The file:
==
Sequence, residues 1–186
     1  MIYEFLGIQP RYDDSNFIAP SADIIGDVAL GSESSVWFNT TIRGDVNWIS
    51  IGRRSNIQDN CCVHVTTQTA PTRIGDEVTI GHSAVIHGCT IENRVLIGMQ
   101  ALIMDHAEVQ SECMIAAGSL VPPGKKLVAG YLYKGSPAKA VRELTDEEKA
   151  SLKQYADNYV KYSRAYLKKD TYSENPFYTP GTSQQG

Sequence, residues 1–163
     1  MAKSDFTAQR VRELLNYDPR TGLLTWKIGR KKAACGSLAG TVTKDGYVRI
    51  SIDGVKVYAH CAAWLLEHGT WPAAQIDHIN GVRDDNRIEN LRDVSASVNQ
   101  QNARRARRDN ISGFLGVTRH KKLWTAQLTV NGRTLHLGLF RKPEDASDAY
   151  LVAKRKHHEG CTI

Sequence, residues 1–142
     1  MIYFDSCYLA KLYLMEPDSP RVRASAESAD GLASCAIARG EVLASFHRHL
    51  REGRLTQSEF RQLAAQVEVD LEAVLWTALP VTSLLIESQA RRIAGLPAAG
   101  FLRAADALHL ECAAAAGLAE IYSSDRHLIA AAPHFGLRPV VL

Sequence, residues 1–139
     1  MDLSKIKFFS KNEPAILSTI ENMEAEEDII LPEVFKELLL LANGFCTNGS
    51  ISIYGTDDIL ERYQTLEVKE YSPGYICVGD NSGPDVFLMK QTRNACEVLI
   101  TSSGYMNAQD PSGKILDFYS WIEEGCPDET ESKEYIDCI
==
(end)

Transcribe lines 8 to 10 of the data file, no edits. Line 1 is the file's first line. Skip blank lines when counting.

    51  SIDGVKVYAH CAAWLLEHGT WPAAQIDHIN GVRDDNRIEN LRDVSASVNQ
   101  QNARRARRDN ISGFLGVTRH KKLWTAQLTV NGRTLHLGLF RKPEDASDAY
   151  LVAKRKHHEG CTI